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Mining the Moon - private companies aim for a lunar bounty

Amy Tyndall, News reporter
Feb 15, 2015, 8:21 UTC

Sen—Although it is over 40 years since NASA last sent an astronaut to the Moon, private companies and space agencies are now dreaming of returning there to plunder its treasures.

They aim to mine it for water ice that could be the key to re-fuelling spacecraft away from Earth, and to hunt for desirable "rare earth elements".

Texas-based Shackleton Energy Company (SEC) has plans to separate the Moon's water ice, found at the two poles, into its constituent elements of hydrogen and oxygen and sell it as propellant for spacecraft.

With an estimated 1.6 billion tonnes of water ice on the Moon, SEC will use a combination of humans and robotics to do the mining. After using it to fuel their own mining equipment, rovers and life-suport, the majority will be sold off via a "gas station" situated in Low Earth Orbit (LEO).

"LEO is where we will have monstrous electrolysers to convert the water to propellants on an on-demand basis," Dale Tietz, the company’s chief executive officer, told Physics World magazine.


A three-colour composite image of the Moon taken by NASA's Moon Mineralogy Mapper, an instrument on the Indian Space Research Organization's Chandrayaan-1 mission. Small amounts of water were detected, shown here around the poles in blue. Image credit: ISRO/NASA/JPL-Caltech/Brown University/USGS

Currently, most of a craft's propellant is used up trying to reach the escape velocity needed to move away from the Earth's gravitational pull, and it is simply too expensive to carry more than is necessary.

As the Moon has just one-sixth of Earth's gravity, filling up the tank of spacecraft from such a station will significantly bring down refuelling costs. Although this all may sound a bit like science fiction at the moment, SEC's Rule #1 of their design philosophy is: "Nothing is impossible (unless it violates the laws of physics)."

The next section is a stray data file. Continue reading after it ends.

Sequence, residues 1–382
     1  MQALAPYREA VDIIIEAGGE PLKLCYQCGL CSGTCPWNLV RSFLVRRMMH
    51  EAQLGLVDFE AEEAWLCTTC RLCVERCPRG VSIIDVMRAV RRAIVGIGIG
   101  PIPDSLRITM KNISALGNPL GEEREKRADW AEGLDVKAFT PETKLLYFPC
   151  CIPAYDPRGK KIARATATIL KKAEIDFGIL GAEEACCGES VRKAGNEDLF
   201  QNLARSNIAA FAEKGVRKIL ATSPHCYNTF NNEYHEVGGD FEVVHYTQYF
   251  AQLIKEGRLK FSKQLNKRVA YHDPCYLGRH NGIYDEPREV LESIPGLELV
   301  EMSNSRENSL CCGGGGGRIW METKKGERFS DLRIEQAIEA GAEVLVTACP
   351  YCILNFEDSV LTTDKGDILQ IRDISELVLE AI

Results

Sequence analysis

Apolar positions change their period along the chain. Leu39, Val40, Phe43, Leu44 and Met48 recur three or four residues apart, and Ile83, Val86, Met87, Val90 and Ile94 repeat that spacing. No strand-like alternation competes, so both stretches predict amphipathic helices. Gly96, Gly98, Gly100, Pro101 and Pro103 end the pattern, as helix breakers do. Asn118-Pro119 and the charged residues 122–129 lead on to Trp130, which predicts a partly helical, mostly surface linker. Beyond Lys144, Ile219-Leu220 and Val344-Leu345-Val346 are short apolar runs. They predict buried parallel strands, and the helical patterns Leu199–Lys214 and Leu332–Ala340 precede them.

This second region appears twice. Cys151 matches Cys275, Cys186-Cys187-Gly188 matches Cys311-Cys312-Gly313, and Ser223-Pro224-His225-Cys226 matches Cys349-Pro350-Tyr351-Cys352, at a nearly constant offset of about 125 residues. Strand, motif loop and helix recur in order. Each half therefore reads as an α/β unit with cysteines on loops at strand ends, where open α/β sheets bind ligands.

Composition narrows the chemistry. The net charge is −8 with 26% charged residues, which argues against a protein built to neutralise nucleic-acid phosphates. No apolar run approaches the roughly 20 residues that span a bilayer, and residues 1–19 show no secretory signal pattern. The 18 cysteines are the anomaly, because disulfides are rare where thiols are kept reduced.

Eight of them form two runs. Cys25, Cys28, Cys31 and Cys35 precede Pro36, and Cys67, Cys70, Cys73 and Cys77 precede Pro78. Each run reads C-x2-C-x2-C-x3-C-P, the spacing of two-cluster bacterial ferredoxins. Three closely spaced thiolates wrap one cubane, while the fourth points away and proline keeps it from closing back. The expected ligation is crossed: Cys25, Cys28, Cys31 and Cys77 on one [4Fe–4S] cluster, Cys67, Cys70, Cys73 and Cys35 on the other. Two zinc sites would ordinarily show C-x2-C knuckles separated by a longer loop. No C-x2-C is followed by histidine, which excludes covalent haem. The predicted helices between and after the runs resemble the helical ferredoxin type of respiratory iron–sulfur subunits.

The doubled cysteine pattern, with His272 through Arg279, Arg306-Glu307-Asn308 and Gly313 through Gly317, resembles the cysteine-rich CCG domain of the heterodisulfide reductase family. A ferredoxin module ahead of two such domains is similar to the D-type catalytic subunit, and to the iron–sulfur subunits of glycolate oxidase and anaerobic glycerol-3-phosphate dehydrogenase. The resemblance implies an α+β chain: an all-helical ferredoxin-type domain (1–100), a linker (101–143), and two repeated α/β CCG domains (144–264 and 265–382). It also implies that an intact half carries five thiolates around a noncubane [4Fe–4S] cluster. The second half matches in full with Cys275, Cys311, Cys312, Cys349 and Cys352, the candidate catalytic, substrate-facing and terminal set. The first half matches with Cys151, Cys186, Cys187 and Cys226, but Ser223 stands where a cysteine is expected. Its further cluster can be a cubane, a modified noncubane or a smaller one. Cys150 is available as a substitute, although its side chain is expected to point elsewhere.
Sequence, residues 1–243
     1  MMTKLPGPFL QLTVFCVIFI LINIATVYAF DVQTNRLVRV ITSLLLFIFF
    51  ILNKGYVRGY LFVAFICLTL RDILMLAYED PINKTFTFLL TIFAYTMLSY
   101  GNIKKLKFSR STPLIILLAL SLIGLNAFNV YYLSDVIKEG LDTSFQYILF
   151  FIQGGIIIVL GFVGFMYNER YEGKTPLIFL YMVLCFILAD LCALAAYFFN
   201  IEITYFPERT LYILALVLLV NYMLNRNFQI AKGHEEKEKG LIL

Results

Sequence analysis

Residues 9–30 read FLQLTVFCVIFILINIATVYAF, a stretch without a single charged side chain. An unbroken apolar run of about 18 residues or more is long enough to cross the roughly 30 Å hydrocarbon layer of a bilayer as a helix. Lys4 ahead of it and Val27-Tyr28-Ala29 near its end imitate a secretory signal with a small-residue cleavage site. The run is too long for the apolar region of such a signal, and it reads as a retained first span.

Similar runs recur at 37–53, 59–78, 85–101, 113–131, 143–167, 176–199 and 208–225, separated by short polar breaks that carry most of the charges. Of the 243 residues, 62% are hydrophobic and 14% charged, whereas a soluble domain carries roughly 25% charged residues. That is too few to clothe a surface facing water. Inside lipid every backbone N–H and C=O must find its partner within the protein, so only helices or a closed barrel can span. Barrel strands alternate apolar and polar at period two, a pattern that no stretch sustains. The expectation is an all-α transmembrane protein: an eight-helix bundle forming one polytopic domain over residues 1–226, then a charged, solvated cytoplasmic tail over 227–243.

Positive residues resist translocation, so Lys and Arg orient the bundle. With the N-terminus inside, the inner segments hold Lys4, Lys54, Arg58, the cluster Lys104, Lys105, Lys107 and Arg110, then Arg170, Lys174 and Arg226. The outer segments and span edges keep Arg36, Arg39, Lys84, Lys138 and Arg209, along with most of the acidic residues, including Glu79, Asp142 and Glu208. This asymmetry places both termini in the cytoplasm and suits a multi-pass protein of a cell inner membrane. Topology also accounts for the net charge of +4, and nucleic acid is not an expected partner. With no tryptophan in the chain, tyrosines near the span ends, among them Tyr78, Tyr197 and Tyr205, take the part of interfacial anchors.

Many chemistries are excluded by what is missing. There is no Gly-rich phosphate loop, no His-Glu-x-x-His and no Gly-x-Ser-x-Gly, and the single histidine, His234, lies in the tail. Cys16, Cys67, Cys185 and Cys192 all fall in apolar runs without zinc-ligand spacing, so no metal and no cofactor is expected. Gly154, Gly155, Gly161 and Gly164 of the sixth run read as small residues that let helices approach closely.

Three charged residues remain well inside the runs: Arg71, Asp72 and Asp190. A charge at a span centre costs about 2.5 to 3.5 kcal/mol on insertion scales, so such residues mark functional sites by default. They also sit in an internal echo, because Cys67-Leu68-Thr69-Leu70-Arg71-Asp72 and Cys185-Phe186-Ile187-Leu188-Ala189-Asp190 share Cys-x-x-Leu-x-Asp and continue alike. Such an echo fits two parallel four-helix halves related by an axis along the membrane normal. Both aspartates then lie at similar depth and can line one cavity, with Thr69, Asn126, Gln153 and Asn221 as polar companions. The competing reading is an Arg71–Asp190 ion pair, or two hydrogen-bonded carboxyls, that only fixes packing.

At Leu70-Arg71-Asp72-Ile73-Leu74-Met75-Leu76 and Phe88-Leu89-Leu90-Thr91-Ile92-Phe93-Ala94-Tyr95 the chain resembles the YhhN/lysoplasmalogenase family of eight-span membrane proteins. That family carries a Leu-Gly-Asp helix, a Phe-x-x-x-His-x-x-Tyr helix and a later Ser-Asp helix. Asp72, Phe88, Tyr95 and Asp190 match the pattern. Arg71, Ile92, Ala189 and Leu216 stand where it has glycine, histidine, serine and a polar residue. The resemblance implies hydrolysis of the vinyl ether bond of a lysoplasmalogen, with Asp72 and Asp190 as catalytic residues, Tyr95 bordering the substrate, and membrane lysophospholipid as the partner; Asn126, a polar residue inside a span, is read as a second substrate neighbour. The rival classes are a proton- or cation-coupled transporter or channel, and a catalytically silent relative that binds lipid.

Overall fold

Moon Express, another private company and a contender for the Google Lunar X-Prize, has plans to use the water ice to create the propellant high-test peroxide (HTP)—a concentrated form of hydrogen peroxide, or H202. HTP was used by the Nazis during the Second World War to fuel missiles and the U-Boat 1407. It was then combined with kerosene to fuel the British Black Arrow rocket, which launched the Prospero X-3 satellite in 1971.

However, it is not just water ice that is a desirable lunar commodity. So-called "rare earth elements" are a group of 17 elements of the periodic table that are not often found in concentrated form, making them exceedingly difficult to extract.

"Rare earth elements have a range of important electrical, magnetic and catalytic properties," Ian Crawford, Professor of Planetary Science and Astrobiology at Birkbeck, University of London, told Sen. "They do have enhanced concentrations in some regions of the Moon, but it is not clear if the concentrations would be economic—more exploration is needed."

China is currently the front-runner in the race for mining rare earth elements, with their Jade Rabbit lander successfully making it onto the surface back in December 2013. By the year 2000, China was running 95 per cent of the world's rare earth production—a near monopoly. However, supplies are starting to run low, thanks to their use in everyday objects. One iPhone alone uses eight rare earth elements.

With all of these different companies showing interest for a variety of reasons, who decides where they can mine? "Countries cannot appropriate the Moon as it would be contrary to the 1967 Outer Space Treaty," Professor Crawford told us. "The law does need clarifying with respect to the activities of private companies."

Not all private companies have their sights set on mining the Moon for resources, though. The UK's Lunar Mission One wishes to remain true to scientific research and analyse the surface of the Moon between 20-100 metres to find out what volitiles (elements and compounds with low boiling points, such as nitrogen and ammonia) make up the crust.

A hole will then be drilled to place electronic "memory boxes", bought by supporters of the project, that will serve as time-capsules. Money for developing the project has been raised purely through crowdfunding.

"There is still a lot of scientific exploration of the Moon that needs doing and NASA, and other space agencies such as ESA and JAXA, can and should help with that, in the spirit of the recently formulated Global Exploration Roadmap," added Professor Crawford.

The Global Exploration Roadmap is a set of common goals and objectives that will see different nations' space agencies working together, whilst simultaneously respecting each individual agency’s own ambitions and intents. It began with the International Space Station, and extends to projects involving near-Earth asteroids, Mars and the Moon.

One Step from Earth, by Richard Corfield, is published in Physics World.